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The Delta Smelt is on the Endangered species list for the same reason the gnatcatcher (a bird) and the El Segundo blue butterfly are - to be used by one group of people in an attempt to control the actions of another group.

The coastal portion of California, from Oregon down to Los Angeles, is hyper liberal.  The population in this area is large enough to create legislative & bureaucratic action that affects the more moderate & conservative portions of the state.  They will use anything, including animals improperly placed on the Endangered species list, to enact their agenda and create havoc for those they oppose.  They have no interest in protecting wildlife, otherwise they wouldn't have pushed for a solar farm near the Nevada desert that was killing birds to the tune of 100 a day for the first year of operation http://www.desertsun.com/story/tech/science/greenenergy/2015/04/23/ivanpah-solar-plant-bird-deaths/26273353/ .

I was born in Southern California, have lived here over 50 years and watch as what was once a wonderful state is being destroyed from within.  You may have visited here, but with all due respect, you are blissfully ignorant of the politics at play.  What you perceive to be actions to protect the native wildlife are anything but.

 

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On August 25, 2016 at 3:39 PM, WRB said:
On August 25, 2016 at 3:39 PM, WRB said:

The Delta Smelt population is in the 100's of millions, far from being endangered. 

The little fish is a pone in a big game of water power and was successfully used to get the bye pass tunnels funded to reduce danger of killing Delta Smelt near stations where waters is pumped  into the Feather River project channels that transports water to central and Southern California. This fight lasted over 30 years, Governor Brown sighed off on the tunnels this year.

Now the water power folks are using the drought along with native species act to protect steelhead and salmon from being eaten by non native fish like stripe bass, largemouth and smallmouth bass. The reduced water flow into the delta by the tunnels creates several problems. Salt water incursion due to reduced fresh water pressure, young salmon and steelhead are subject to predatation by birds, seals and predator fish. The increased water flow is used from agriculture primarily and big money in California.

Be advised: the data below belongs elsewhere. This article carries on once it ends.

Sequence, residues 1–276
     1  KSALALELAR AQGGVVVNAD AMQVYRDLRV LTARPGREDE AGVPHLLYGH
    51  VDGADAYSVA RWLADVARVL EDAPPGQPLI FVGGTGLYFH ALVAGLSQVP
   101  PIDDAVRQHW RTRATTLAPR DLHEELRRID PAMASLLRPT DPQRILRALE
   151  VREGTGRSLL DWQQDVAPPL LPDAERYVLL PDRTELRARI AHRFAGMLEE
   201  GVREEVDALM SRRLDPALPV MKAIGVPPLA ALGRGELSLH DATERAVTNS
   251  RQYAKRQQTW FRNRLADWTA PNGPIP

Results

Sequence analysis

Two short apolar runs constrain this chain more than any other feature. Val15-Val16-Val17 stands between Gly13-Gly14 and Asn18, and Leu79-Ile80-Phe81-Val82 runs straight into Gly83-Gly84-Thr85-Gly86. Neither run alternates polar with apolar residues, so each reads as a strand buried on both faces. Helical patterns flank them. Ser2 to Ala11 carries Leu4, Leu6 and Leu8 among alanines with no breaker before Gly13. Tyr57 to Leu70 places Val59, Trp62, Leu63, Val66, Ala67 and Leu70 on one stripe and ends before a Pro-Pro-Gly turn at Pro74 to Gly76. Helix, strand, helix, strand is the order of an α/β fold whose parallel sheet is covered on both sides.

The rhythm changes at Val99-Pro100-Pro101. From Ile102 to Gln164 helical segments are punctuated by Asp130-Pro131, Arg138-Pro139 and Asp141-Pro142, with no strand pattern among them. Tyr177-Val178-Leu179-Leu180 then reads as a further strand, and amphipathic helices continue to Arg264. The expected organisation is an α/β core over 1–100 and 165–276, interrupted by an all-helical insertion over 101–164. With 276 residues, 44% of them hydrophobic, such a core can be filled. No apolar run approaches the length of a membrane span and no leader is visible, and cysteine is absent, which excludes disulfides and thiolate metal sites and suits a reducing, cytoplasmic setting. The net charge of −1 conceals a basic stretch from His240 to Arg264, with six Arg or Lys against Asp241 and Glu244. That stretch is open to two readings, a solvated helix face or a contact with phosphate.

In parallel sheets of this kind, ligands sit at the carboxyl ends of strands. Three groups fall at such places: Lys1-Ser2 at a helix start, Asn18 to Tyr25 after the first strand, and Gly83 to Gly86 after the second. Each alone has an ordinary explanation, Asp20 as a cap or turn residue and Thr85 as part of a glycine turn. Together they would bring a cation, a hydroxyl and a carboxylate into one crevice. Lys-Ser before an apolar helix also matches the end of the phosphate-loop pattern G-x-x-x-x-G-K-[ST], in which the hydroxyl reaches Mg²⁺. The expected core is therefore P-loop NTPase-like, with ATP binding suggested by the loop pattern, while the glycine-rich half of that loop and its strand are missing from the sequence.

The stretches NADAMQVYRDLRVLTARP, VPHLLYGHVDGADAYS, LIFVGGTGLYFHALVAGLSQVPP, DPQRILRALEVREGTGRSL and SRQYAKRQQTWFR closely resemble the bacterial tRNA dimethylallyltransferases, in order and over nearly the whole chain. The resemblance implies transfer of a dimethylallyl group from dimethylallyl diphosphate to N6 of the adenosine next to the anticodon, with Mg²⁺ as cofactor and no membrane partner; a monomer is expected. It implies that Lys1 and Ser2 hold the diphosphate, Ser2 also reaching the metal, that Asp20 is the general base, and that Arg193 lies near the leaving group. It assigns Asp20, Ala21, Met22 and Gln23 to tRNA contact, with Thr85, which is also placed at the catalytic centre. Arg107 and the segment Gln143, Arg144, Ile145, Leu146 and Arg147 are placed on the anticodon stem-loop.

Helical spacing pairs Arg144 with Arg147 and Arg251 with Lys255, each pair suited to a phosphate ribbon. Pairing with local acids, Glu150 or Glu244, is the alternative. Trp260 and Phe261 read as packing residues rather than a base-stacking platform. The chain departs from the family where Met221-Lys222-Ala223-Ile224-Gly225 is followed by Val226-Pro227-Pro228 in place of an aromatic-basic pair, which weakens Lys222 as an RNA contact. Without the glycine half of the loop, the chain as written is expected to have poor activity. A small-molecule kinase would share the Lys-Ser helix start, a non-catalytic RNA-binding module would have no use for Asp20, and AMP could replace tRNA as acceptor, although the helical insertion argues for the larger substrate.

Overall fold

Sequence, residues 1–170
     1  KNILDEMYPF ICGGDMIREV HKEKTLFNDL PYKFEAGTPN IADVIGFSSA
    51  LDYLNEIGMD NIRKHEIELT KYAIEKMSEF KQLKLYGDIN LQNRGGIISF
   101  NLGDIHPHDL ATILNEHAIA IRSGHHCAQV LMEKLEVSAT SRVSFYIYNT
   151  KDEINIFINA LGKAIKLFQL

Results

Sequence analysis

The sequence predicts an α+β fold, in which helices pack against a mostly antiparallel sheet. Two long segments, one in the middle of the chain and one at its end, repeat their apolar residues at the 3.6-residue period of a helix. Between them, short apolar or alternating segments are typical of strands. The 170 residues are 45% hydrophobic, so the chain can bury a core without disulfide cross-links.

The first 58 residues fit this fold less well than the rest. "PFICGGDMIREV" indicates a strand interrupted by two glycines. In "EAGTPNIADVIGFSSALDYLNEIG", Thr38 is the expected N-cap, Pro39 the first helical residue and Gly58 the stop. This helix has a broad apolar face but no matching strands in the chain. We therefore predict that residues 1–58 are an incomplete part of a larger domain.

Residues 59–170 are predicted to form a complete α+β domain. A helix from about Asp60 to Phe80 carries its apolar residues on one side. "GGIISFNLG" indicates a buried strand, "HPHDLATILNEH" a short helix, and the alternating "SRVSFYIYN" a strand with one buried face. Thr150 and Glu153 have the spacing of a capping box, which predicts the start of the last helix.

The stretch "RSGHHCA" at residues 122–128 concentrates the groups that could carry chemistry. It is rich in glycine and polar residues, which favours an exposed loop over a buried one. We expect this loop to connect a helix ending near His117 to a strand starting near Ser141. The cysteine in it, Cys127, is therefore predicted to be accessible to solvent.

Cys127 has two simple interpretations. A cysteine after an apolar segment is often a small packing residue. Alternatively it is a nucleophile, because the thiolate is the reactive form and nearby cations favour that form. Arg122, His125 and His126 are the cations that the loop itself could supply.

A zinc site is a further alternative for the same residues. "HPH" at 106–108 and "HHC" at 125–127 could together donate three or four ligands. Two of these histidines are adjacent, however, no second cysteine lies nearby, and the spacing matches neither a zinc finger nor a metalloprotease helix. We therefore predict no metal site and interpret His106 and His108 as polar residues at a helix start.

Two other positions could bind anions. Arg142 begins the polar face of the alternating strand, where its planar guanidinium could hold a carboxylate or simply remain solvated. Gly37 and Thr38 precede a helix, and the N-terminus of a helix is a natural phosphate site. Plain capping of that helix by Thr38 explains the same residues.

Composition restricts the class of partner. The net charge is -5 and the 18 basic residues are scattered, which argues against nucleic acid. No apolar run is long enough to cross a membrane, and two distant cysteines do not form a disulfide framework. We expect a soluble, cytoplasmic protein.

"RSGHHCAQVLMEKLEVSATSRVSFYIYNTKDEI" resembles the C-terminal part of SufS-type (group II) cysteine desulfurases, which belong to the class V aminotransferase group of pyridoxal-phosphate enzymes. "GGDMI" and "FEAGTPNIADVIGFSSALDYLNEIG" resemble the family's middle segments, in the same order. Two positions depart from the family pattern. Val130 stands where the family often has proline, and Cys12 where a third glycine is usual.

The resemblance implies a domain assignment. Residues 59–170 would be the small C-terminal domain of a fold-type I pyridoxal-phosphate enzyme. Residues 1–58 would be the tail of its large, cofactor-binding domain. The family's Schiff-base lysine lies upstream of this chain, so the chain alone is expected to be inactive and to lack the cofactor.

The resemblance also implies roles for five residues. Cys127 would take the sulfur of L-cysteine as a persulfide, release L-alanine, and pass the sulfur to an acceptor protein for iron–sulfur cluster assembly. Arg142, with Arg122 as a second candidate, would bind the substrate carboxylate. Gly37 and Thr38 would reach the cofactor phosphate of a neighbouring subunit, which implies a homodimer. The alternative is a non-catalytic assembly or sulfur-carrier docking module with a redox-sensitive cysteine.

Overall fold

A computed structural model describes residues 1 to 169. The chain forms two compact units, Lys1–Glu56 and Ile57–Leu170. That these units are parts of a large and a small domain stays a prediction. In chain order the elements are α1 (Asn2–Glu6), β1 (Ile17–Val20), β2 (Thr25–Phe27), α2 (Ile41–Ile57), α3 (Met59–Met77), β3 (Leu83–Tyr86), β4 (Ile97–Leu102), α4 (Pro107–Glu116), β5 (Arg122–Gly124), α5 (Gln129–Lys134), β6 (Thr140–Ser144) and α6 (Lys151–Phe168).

The losers are sport and recreational fishing and local delta area farmers who's wells go bad from salt water.

Tom  

 

 

I'm not sure where you got the information on the Delta smelt population Tom, because I found different numbers.  

 A June 6, 2016 article in the Sacramento Bee regarding the 2016 U.S. Fish & Wildlife's release of the spring trawling surveys that track adult Delta smelt found "handfuls" of smelt across the areas they are know to spawn, leading biologists to estimate the population likely to be 13,000 smelt.  The survey began in 2002, estimating the smelt population about 600,000 (597,000 posted) to the current low in 2016 of 13,000 fish.  By the way, Delta smelt's life span is only one year.

The article did say Dr. Peter Moyle, a UC Davis biologist who has studied the Sacramento/San Joaquin Delta fish species for almost fourty years, said the smelt were the most numerous species in Delta when he began his work, numbering in the millions.....

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My thinking is so biased on this topic with many conflicting reports it's possible the smelt is in trouble. The fact it's been used as a pawn in the water rights fight blurs my objective thinking.

So we eliminate all non native fish to save the Delta smelt....no. The objective plan would be set aside areas where bait fish can re establish it's population.

Tom